Bohol first district representative, Rene L. Relampagos, joined the call of the House of Representatives to increase the honoraria currently received by barangay officials.
As the family is the basic social unit, barangay is the basic political unit. Good family equals good governance equals progress. Bad family equals poor governance equals destruction. Barangay governance makes or breaks a community, said a statement from the first district solon.
Barangay councils are relatively rare in the world. In most countries, the lowest elected officials are the city or municipal councils. In Western Europe, it seems that only Portugal has elected barangay councils called ‘parish’ councils. Bohol is politically subdivided into 47 municipalities and one component city further subdivided into 1,109 barangays. There are more than 49 thousand barangays in the whole country.
This makes barangays all the more special in the whole governance picture. Relampagos recognizes that constituents look up to barangay officials as head of communities as much as parents and guardians are head of the families. Barangays serve as the main planners and implementors of government plans, programs and projects in the community.
Relampagos said that with a reasonable number of constituents, barangay officials are better able to give public service, respecting culture and social peculiarities, where it is most needed. They are more reachable and more knowledgeable with the issues of the community. He emphasized that barangays are often the first level of everything related to governance, public service, law enforcement, dispute resolution, rescue and relief operations, even fights against illegal drugs.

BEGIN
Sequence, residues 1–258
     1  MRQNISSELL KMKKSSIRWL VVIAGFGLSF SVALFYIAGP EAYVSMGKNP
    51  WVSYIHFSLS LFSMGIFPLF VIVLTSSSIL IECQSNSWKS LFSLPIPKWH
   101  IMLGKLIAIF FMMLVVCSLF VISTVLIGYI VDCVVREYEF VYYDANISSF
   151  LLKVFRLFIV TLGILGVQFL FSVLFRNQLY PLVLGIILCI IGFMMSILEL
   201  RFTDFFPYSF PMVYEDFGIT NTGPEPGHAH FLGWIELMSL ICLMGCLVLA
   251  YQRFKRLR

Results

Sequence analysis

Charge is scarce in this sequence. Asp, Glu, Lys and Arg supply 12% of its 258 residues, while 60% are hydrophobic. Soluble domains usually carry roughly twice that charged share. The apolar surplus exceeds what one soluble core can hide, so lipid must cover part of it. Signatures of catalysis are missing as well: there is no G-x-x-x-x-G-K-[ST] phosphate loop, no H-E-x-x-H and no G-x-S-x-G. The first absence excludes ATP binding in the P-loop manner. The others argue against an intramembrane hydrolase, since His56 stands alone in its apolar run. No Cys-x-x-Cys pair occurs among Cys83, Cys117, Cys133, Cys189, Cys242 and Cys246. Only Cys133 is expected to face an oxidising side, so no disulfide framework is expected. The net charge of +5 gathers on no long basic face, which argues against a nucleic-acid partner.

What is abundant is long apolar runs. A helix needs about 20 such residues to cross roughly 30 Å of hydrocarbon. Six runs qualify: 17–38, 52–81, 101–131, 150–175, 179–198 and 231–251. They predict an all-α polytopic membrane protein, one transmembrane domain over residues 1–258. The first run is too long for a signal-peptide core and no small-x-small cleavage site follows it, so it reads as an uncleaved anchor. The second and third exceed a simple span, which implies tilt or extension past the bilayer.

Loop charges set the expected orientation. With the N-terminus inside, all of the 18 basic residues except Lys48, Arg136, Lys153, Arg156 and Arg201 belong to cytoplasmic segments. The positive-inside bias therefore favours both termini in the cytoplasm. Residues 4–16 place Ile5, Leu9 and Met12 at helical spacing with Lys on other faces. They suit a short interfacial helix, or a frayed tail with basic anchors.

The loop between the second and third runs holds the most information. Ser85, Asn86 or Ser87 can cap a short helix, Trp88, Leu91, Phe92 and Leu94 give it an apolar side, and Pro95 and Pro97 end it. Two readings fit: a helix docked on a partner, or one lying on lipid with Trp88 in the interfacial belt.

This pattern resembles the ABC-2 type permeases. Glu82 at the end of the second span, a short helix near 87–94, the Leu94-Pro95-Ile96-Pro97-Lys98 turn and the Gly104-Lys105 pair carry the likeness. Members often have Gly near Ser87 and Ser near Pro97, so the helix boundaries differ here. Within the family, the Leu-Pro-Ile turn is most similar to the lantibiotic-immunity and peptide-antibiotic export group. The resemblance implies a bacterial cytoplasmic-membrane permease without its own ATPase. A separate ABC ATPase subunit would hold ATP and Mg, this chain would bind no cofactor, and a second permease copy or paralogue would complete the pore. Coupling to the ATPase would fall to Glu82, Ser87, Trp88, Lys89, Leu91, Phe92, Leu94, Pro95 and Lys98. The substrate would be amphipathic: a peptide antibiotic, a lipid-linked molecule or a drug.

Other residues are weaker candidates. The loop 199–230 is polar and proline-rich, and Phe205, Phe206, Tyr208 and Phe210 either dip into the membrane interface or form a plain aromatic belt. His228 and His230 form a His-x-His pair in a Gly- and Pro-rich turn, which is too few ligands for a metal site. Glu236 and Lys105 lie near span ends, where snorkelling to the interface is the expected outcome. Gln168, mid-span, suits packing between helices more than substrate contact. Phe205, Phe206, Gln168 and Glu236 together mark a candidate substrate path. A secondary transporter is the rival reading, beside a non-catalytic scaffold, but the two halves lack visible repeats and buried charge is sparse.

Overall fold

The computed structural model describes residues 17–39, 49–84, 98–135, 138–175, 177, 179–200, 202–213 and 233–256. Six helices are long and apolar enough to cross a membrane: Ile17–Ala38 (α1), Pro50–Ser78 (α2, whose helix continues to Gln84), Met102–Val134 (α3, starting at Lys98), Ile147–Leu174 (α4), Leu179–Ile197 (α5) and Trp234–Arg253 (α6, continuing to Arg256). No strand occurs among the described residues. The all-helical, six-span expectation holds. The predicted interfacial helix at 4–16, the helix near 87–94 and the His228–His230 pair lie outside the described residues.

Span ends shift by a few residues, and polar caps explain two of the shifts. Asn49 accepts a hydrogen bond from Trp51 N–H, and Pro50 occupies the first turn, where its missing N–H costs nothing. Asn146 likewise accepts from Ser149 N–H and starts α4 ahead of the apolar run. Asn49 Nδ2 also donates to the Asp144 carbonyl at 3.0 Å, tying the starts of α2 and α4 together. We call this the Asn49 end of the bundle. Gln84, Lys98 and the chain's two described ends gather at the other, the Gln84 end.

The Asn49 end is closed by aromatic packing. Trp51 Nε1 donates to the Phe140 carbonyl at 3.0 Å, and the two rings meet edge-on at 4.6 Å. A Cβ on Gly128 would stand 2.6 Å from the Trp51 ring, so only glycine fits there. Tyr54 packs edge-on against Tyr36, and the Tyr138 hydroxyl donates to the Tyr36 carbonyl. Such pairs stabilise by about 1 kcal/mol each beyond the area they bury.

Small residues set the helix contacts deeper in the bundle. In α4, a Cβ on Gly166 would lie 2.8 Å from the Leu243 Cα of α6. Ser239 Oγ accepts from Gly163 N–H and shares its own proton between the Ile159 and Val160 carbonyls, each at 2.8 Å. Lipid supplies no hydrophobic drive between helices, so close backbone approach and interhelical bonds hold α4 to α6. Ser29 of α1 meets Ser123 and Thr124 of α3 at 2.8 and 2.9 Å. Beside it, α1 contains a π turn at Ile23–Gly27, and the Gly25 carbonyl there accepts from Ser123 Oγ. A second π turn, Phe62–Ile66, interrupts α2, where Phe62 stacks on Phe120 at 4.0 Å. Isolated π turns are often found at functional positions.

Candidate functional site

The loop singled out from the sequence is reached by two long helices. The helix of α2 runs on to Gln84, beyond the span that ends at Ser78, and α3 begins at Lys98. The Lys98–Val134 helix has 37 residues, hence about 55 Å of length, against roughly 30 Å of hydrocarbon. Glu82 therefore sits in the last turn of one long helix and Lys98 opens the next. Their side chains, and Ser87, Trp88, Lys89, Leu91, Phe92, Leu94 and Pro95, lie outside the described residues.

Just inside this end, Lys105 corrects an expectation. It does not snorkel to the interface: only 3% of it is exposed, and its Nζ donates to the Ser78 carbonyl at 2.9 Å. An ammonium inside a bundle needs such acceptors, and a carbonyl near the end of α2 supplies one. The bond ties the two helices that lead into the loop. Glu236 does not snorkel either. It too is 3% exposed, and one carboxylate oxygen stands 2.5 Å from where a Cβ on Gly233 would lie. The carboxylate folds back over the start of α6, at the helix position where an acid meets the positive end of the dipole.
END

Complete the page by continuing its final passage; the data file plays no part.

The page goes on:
“However,” the lawmaker added, “barangay officials are most often overworked and underpaid. This is a fact. Barangay governance work is a 24/7 job. In most cases, responsibilities of barangay officials do not equal the compensation they receive.”
The proposed bill seeks to ameliorate the economic conditions of barangay officials and properly compensate them for their services to their constituents. In the current set-up under the Local Government Code, barangay officials receive an honoraria equivalent to P 1,000 for barangay chairman and P 600.00 for other barangay officials. This is way below any regional minimum wage standard.
If passed, the proposed measure will increase the honoraria received by barangay officials equivalent to the prevailing minimum wage in the region concerned for the barangay officials and with a 20 percent premium for barangay chairpersons. Barangay officials would include all barangay secretaries, treasurers, tanods and lupong tagapamayapa members.
“Like all families, we have to make sure that the heads of our families remain competent and be given what is due them. We cannot just take and take. Justice and fairness dictate that we also recognize their service,” he said. “And as we head to an important political exercise in May, let us be circumspect in choosing who we want to head our communities, our families”, said Relampagos.